Tag Archives: Doubt

God’s People, part 209: Messengers

Read Matthew 11:1-19

“The next day John saw Jesus coming toward him and said, ‘Look! The Lamb of God who takes away the sin of the world!’” (John 1:29, NLT)

When we think of God’s people, we tend to think one of two things. We might think of the Israelites who were God’s “chosen people”, or we might think of specific characters in the Bible. Either way, we tend to idealize the people we are thinking about. For instance, we may think that God’s people are super faithful, holy, perform miracles and live wholly devout and righteous lives. Unfortunately, this idealism enables us to distance ourselves from being God’s people, because we feel that we fall short of those ideals. As such, I have decided to write a devotion series on specific characters in the Bible in order to show you how much these Biblical people are truly like us, and how much we are truly called to be God’s people.

Oberzell_Alte_Kirche_Decke_Johannes_im_KerkerPart 209: Messengers. Once again, we are talking about John the Baptists’ followers. While the Gospel of John has the Baptist completely recognizing who Jesus was, calling him the “Lamb of God” (John 1:26), and confessing that Christ “must become greater and greater, and I must become less and less” (John 3:30, NLT). While these words are poetic reflections of what did end up happening, it is not likely that John the Baptist necessarily understood that to be the truth.

The Synoptic Gospels indicate otherwise, actually. John must have held out hope that Jesus was the Messiah, there’s enough evidence for that; however, the passage in Matthew that you read for this devotion is evidence that John had doubts as to whether or not Jesus was the Messiah. Those doubts get clearly expressed through the Baptist’s messengers.

These messengers were disciples of John the Baptist and where caring for him while he was locked away in prison. They would bring messages to John and they would also deliver messages from him. In today’s passage, we see them doing just that; they’re delivering a message from their teacher to Jesus: “Are you the Messiah we’ve been expecting, or should we keep looking for someone else?” (Matthew 11:3, NLT)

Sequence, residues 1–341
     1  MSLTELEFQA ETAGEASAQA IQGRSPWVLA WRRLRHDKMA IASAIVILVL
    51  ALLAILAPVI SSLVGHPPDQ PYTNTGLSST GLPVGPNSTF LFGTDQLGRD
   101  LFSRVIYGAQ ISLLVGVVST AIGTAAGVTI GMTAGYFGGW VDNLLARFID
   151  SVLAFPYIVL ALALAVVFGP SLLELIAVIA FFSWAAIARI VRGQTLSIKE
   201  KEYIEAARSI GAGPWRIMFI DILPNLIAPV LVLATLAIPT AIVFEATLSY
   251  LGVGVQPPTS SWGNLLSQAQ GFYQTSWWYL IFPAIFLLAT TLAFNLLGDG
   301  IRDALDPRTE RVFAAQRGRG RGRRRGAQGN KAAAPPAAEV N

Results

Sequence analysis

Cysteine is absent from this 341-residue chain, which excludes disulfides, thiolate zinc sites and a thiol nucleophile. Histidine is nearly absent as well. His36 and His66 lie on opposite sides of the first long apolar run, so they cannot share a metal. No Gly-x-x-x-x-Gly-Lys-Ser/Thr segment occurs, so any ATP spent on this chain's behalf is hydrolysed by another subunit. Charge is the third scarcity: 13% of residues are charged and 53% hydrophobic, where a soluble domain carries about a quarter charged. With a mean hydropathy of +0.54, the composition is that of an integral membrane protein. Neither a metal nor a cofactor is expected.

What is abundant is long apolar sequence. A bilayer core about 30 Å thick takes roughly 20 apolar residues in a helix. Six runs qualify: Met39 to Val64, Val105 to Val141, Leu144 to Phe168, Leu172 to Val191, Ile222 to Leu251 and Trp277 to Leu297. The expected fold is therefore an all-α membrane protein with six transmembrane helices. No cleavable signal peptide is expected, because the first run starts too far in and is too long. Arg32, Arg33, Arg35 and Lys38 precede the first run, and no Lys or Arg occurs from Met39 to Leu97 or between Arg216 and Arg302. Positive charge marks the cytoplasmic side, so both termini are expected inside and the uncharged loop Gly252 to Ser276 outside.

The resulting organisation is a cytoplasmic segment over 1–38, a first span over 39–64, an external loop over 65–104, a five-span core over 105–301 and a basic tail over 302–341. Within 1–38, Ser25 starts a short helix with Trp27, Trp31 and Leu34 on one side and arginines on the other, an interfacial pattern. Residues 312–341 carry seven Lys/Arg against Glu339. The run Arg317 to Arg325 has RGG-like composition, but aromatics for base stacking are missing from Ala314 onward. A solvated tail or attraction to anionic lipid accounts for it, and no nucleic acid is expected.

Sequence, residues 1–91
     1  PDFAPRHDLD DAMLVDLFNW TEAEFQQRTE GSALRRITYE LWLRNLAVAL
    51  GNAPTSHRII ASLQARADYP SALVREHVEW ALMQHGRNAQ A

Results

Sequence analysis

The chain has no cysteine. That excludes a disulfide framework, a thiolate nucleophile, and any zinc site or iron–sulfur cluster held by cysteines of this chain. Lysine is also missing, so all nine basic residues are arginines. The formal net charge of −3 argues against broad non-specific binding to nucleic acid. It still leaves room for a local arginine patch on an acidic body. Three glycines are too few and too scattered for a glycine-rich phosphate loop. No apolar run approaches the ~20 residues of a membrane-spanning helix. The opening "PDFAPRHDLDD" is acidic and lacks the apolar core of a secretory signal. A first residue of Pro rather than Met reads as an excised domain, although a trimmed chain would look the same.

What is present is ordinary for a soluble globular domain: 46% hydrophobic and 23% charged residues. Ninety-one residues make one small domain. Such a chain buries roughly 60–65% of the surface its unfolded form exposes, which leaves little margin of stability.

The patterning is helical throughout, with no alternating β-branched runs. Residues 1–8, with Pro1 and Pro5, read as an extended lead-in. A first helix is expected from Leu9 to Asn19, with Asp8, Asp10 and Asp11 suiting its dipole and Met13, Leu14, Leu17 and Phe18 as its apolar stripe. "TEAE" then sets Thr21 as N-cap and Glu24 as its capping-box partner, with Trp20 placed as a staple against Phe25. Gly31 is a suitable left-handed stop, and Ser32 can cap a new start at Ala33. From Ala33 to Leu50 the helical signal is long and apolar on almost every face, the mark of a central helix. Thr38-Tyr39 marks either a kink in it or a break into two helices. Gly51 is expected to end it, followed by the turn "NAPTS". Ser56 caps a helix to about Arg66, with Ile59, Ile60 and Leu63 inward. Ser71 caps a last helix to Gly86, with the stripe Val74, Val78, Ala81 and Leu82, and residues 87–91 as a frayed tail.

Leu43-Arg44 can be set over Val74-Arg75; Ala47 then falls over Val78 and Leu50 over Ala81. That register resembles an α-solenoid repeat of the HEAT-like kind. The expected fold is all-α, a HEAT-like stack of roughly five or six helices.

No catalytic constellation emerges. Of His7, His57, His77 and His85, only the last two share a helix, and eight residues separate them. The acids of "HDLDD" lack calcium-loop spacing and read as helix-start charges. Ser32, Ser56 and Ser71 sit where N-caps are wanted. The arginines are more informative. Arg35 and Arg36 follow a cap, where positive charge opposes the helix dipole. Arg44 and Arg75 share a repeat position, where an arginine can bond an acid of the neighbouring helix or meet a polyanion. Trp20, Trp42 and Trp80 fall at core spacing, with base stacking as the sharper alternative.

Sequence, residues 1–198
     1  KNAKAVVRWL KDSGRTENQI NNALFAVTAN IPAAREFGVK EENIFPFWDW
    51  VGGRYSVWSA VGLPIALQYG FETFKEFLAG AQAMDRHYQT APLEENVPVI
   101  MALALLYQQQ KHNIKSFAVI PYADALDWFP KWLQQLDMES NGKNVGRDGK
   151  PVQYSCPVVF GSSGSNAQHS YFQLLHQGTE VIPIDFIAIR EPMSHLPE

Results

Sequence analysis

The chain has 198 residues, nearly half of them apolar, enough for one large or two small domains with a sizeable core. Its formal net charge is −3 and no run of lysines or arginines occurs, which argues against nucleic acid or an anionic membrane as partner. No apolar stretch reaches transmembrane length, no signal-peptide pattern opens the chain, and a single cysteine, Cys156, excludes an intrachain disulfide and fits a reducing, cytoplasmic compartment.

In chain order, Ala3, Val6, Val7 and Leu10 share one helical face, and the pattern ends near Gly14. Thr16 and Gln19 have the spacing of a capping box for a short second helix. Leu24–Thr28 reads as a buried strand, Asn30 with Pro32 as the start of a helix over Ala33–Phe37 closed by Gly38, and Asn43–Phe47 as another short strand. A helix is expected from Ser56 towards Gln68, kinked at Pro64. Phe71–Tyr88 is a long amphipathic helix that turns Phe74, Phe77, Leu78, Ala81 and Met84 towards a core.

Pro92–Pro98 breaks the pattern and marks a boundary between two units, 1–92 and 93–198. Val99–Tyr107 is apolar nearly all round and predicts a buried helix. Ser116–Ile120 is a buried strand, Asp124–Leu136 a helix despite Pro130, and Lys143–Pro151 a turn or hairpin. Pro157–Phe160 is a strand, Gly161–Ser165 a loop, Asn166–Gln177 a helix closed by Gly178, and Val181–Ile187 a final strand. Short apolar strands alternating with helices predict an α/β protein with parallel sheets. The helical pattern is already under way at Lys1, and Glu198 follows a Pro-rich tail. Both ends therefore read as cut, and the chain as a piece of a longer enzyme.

John the Baptist, the faithful prophet who preached the coming of the Messiah and repentance of sins in the Judaean wilderness, was doubting as to whether Jesus was the real deal. As a result, he sent messengers to carry those doubts to Jesus in order to see how he responded to them.

It is easy to read this negatively; however, I do not think that Matthew saw this as a negative thing. Doubt is a normal part of life and, if one considers John’s imprisonment, the Baptist was experiencing extreme persecution and hardship! He no doubt felt isolated, alone and confused. He sat in isolation in the depths of Herod’s dungeon, wondering if everything had been in vain.

So, how did Jesus respond? “Jesus told them, ‘Go back to John and tell him what you have heard and seen— the blind see, the lame walk, those with leprosy are cured, the deaf hear, the dead are raised to life, and the Good News is being preached to the poor.’ And he added, ‘God blesses those who do not fall away because of me.’” (Matthew 11:4-6, NLT)

Jesus did not stop there, because his intent was not to scold John. Instead, he continued on by praising him. “I tell you the truth, of all who have ever lived, none is greater than John the Baptist. Yet even the least person in the Kingdom of Heaven is greater than he is” (Matthew 11:11, NLT)! The last sentence was not a slight toward John the Baptist, but a reminder of the economy of heaven. The least shall be greatest and the greatest shall be the least. In fact, in John’s current situation he was certainly the least of these and Jesus is reminding him and us that God prioritizes those who are “the least of these” and the distressed.

Friends, this is a message to us as well. It is easy for us to get caught up in our circumstances and to begin to question whether or not Jesus is who he says he is. It is natural, in such times, for us to begin to doubt God. The doubt, in and of itself, is not a bad thing, it’s how we respond to it that gives our doubt any value. The question for us is this, are we better off in our circumstances without Christ, or are we better in them with Christ.

Today, we are being challenged to place our faith back in Christ. There is no need to shame ourselves over our own doubt. If someone as strong in his faith as John the Baptist could find himself in doubt, then we will certainly have those moments too. The challenge is to recognize that and to remember that Jesus is who he says he is and he has the power to bring hope, healing and wholeness to us once more. In that hope, stand assured that you might grow in your faith and in your service of the One who has saved you!

“You know, my faith is one that admits some doubt.” – Barack Obama

Lord, I believe! Help me with my unbelief. Amen.

God’s People, part 172: Thomas

Read John 20:24-29

“Thomas, nicknamed the Twin, said to his fellow disciples, ‘Let’s go, too—and die with Jesus.’”  (John 11:16, NLT)